This one would fit right in with popular picks for girls, but still feels appealingly rare.
Thanks to Christina for suggesting Leandra as Name of the Day.
Leandra is undeniably feminine without sacrificing strength. It’s a quality shared by many of today’s Top 100 choices – think of Isabella, Alexandra and Samantha.
But unlike those favorites, Leandra is quite rare. Back in 1986, she debuted in the US rankings at #962. By 1989, she’d climbed to #734. It’s a significant leap – and what’s more, back in the very early 90s, Leandra and Isabella were given to nearly the same number of baby girls.
But Leandra never got traction. By 1997, she made her last appearance in the rankings, just barely holding on at #998.
The name has much to offer. There’s a botanical link, to the tropical flowering plant family melastomataceae. At least two plants in the family are known as leandra, and can be found in Ecuador, Costa Rica and Brazil.
There’s a television tie-in to the name, too. A Season Three episode of Hercules: the Legendary Journeys included a Leandra. (Apparently, the story centered on Aphrodite’s attempt to quit her gig as goddess of love. Wackiness ensued.) And yet, Hercules can’t claim responsibility for the name’s popularity – the show ran from 1995 to 1999 and she was a one-time character. By the time Leandra made her modest small screen debut, she was already fading from the rankings.
Still, Leandra was a logical pick for a character. She sounds just right in ancient times. She’s probably best considered the feminine form of Leander, which translates roughly to “lion of a man.” You’ll remember Leander from the tragic tale of his romance with Hero.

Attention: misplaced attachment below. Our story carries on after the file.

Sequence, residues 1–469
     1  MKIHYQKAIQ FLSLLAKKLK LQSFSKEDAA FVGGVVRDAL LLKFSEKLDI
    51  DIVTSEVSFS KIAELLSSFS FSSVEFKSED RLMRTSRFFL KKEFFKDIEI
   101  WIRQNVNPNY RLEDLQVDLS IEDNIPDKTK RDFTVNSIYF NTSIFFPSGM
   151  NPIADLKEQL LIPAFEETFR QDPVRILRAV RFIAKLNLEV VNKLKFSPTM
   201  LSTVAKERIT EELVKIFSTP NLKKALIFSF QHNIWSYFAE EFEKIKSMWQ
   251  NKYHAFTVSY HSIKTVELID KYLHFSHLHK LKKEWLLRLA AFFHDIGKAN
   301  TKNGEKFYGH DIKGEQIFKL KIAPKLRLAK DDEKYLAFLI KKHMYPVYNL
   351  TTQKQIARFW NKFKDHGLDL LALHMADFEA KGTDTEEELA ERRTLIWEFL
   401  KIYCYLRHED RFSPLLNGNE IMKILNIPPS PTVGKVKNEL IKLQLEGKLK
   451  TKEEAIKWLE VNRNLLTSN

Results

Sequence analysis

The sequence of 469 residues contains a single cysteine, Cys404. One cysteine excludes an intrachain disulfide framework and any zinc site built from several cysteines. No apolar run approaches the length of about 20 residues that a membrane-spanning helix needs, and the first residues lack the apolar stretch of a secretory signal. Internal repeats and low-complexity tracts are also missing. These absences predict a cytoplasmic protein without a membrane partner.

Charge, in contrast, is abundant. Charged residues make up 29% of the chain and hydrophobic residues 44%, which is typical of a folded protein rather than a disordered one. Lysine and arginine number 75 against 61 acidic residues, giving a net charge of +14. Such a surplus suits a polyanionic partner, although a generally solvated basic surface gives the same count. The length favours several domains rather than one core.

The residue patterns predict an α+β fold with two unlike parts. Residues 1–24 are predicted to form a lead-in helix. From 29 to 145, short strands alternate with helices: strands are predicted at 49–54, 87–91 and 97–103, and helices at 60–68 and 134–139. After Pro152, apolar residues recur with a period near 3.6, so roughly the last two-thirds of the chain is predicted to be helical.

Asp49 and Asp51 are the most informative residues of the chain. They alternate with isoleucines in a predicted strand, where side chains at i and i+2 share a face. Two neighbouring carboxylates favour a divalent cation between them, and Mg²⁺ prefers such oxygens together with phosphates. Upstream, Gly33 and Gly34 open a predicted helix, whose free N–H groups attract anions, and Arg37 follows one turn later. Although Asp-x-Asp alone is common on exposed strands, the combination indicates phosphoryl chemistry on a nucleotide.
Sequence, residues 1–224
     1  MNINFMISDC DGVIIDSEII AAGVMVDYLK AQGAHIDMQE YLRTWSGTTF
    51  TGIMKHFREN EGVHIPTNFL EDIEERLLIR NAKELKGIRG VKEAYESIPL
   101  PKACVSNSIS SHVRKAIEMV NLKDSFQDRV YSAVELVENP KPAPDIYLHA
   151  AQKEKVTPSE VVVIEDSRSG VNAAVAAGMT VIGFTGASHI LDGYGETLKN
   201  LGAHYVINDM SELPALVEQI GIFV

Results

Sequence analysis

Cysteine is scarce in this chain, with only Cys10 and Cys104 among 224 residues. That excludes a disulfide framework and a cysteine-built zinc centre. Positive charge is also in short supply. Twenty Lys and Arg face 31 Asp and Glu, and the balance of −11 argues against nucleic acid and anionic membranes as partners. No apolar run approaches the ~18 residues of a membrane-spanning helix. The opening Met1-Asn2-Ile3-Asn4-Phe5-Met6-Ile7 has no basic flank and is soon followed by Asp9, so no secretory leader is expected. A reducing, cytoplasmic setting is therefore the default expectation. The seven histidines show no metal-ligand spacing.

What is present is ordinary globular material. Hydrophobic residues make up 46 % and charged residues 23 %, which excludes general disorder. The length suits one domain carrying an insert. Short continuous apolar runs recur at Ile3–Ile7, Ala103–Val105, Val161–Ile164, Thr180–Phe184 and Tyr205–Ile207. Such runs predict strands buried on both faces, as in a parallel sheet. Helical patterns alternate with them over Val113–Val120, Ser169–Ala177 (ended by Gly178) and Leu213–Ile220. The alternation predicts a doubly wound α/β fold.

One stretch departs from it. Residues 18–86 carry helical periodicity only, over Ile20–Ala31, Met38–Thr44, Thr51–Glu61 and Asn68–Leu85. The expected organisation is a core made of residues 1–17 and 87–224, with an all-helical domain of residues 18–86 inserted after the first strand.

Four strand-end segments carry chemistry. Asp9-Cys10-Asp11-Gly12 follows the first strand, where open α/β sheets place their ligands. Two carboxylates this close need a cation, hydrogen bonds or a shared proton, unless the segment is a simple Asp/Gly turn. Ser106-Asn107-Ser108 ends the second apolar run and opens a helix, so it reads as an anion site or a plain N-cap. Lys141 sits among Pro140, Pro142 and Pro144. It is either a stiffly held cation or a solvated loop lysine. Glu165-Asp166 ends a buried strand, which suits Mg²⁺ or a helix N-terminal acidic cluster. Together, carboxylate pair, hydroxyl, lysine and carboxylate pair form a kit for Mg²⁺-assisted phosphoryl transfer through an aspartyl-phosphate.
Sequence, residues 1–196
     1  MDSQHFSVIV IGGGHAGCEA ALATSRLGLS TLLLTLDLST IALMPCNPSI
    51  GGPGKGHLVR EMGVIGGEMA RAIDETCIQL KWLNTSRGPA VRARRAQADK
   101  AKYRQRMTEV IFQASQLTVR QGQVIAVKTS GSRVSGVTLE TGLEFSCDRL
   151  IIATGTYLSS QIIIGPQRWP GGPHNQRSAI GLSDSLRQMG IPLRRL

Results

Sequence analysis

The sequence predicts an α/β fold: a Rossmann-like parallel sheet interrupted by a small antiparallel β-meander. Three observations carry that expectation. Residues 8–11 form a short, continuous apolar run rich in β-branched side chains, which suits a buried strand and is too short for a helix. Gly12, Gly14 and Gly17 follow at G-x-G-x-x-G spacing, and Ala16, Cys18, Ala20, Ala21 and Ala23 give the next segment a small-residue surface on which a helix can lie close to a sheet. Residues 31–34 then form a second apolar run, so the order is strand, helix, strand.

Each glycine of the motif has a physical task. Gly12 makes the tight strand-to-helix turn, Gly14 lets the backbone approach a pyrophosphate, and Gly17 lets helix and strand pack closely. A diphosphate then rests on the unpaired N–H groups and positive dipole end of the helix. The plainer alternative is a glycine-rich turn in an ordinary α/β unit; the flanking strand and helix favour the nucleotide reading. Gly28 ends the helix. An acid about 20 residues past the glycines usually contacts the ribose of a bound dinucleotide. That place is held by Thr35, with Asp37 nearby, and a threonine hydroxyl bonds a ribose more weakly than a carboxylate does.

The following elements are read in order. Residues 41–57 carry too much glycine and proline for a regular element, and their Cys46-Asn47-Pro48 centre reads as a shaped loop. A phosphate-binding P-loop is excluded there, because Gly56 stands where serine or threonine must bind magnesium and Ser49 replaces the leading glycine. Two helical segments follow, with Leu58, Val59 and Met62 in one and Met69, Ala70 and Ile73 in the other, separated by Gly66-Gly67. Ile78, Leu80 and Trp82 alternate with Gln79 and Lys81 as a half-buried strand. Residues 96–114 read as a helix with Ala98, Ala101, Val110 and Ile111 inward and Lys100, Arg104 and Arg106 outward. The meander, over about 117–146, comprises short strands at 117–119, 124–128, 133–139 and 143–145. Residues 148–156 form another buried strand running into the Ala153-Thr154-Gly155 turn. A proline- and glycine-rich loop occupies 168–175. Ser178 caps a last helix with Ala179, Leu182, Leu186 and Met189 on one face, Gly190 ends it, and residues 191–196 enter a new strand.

There’s also St. Leander of Seville, a sixth-century bishop known for being on the winning side of a doctrinal debate.
The historical record is dotted with the occasional Leander, and a few Leandros, too, probably in homage to the saint. Leandra is comparatively rare, though she is sometimes used in Italian.
In fact, that’s another theory for Leandra’s brief run in the late 80s. Other girls’ names that conjured up the glories of Rome and Venice, Florence and Milan were in their early days. Leandra might’ve appealed to the same parents who made Francesca a fashionable appellation.
Leandra could also be:
- A mash-up of Lee and Sandra;
- An elaboration of Leanne;
- An elaboration of Leah;
- A creative attempt to feminize the white hot Andrew without using the nearly as popular Andrea.
While her use has been limited, Leandra would fit right in with girls called Adrianna and Gabriella, Julia and Victoria. She could choose from nicknames galore – the obvious Lee, Lea or Leah, as well the tomboy-ish Andi or even the glamorous Andra or maybe even Lana.
If you’re searching for a name that is undeniably different but sounds perfectly reasonable, Leandra is one to consider.